Fact Check

Did President Trump Sign a Law Restricting Welfare for 'Deadbeats'?

President Trump did not sign an executive order cutting off welfare to "deadbeats, drug addicts and scam artists."

Published Feb. 21, 2017

 (Gage Skidmore / FLICKR)
Image courtesy of Gage Skidmore / FLICKR
President Trump signed an executive order cutting off welfare to "deadbeats, drug addicts and scam artists."

On 15 February 2017 the Last Line of Defense web site published an article reporting that President Trump had "signed an executive order that will eliminate millions of deadbeats, drug addicts and scam artists from the welfare roles" (an action described as the passage of a "law" in the article's headline):

No longer will an able-bodied person get free food, liquor, cigarettes, cash and lottery tickets off of the working man’s dime. It has been estimated that for every tax dollar you pay, 91 cents goes to providing free stuff for poor people just so they’ll keep voting Democrat.

No more. EO 125gh2098i265mmn3 reads:

Whereas a person has no physical disability preventing him or her from working, said person and their family will no longer be eligible for free food, cash asistance, section 8 housing or Obamaphones. While the president appreciates that work has been hard for some to obtain, there are jobs, i.e. the 1100 new jobs at Carrier in Indiana.

Americans are reminded that hard work is rewarded and that work equals freedom. Those unable to care for themselves will be deported to their native lands or placed in work camp programs where they can aid their fellow citizens in rebuilding our infrastructure in exchange for food and shelter.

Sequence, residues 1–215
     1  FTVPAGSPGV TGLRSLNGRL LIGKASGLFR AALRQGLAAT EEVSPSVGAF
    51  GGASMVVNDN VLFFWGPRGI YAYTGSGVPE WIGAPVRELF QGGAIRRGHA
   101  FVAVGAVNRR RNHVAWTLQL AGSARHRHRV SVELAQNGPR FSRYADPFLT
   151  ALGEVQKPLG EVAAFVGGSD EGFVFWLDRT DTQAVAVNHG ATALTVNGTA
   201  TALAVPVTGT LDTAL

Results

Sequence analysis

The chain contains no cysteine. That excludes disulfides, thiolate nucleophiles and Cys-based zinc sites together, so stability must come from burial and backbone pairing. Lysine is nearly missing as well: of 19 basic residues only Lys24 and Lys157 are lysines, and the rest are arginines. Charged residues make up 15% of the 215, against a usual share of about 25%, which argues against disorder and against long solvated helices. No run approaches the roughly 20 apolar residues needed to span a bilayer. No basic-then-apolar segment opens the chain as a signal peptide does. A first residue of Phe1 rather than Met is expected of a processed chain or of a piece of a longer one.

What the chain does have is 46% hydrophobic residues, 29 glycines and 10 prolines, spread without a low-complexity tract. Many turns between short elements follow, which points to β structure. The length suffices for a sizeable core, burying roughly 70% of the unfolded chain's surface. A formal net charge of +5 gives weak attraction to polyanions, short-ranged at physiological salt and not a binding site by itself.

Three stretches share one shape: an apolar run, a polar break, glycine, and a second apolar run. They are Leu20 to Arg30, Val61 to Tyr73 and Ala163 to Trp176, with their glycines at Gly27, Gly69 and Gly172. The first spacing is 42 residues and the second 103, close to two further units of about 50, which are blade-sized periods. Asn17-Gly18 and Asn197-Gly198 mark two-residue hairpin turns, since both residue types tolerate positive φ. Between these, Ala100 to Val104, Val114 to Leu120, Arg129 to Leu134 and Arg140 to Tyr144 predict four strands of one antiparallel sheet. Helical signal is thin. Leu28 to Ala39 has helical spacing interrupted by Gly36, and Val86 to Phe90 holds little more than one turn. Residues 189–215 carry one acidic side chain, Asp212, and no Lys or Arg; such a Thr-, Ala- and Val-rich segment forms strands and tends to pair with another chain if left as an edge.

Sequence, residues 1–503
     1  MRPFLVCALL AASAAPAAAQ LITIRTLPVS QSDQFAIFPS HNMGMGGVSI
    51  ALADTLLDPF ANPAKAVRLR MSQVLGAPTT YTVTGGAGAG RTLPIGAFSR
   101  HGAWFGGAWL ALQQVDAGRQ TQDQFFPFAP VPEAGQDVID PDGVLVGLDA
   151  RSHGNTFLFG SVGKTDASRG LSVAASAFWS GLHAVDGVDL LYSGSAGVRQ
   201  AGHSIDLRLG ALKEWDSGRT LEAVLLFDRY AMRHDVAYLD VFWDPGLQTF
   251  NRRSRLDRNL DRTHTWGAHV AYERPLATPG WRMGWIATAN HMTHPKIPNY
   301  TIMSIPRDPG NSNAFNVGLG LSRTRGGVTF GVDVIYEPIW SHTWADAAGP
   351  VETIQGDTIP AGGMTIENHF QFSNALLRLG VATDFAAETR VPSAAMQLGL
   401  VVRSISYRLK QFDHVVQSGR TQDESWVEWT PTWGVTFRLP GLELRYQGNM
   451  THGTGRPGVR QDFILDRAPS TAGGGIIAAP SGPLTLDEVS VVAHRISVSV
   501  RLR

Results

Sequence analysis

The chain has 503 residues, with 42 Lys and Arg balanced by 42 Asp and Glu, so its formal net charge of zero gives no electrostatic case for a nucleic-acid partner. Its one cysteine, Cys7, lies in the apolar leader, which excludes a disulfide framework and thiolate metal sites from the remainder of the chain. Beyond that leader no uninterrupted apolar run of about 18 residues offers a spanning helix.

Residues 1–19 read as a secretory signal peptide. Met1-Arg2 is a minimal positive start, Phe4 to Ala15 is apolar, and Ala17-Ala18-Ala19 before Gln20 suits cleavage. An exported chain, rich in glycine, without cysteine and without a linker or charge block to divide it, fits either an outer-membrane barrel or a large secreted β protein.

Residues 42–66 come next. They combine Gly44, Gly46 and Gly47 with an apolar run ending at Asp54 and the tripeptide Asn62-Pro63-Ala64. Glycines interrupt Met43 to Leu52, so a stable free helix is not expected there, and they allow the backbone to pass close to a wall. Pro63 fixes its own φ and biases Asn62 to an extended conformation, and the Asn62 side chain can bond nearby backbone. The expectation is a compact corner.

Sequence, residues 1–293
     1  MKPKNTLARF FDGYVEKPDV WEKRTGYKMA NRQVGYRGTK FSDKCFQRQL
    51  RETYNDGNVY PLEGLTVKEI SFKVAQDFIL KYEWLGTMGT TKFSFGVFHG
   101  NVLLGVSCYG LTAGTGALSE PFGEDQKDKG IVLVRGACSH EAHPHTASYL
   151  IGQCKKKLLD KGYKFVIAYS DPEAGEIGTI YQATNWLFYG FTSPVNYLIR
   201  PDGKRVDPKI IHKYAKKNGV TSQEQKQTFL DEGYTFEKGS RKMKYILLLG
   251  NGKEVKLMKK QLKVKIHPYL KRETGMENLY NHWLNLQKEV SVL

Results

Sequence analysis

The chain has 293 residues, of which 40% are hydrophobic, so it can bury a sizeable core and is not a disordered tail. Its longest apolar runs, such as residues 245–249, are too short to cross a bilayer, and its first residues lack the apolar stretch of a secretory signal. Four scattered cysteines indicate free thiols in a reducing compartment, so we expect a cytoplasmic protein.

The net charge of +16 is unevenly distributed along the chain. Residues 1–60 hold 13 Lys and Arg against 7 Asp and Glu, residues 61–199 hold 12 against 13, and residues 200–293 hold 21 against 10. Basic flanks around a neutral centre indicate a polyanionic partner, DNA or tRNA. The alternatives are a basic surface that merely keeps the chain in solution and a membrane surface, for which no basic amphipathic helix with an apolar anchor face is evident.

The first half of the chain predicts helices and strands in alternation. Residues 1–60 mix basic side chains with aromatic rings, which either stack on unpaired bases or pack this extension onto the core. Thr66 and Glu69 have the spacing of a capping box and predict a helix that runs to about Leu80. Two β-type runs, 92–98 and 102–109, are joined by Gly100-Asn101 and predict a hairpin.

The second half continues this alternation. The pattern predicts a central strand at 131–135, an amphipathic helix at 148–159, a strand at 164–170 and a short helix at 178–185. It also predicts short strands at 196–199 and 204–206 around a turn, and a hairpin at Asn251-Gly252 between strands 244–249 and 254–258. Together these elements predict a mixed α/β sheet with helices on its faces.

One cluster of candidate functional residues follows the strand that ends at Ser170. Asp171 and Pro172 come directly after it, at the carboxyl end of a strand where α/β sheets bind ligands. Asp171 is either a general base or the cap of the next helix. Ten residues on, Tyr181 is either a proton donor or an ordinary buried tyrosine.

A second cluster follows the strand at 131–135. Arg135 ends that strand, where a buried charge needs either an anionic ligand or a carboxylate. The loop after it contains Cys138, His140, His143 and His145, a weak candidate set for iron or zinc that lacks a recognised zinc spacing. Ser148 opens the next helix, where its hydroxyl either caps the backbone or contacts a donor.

This is not a communist society. Hard work is required.

An obvious clue regarding the report's lack of veracity was the odd string of numbers purported to be the designator of the executive order under which President Trump's "law" was supposedly implemented. (Real executive orders are identified by five-digit numbers.)

This report was a fabrication that originated with The Last Line of Defense (The Resistance), a spoof site whose disclaimer notes that its contents are satirical in nature:

The Resistance may include information from sources that may or may not be reliable and facts that don’t necessarily exist. All articles should be considered satirical and any and all quotes attributed to actual people complete and total baloney. Pictures that represent actual people should be considered altered and not in any way real.

Kim LaCapria is a former writer for Snopes.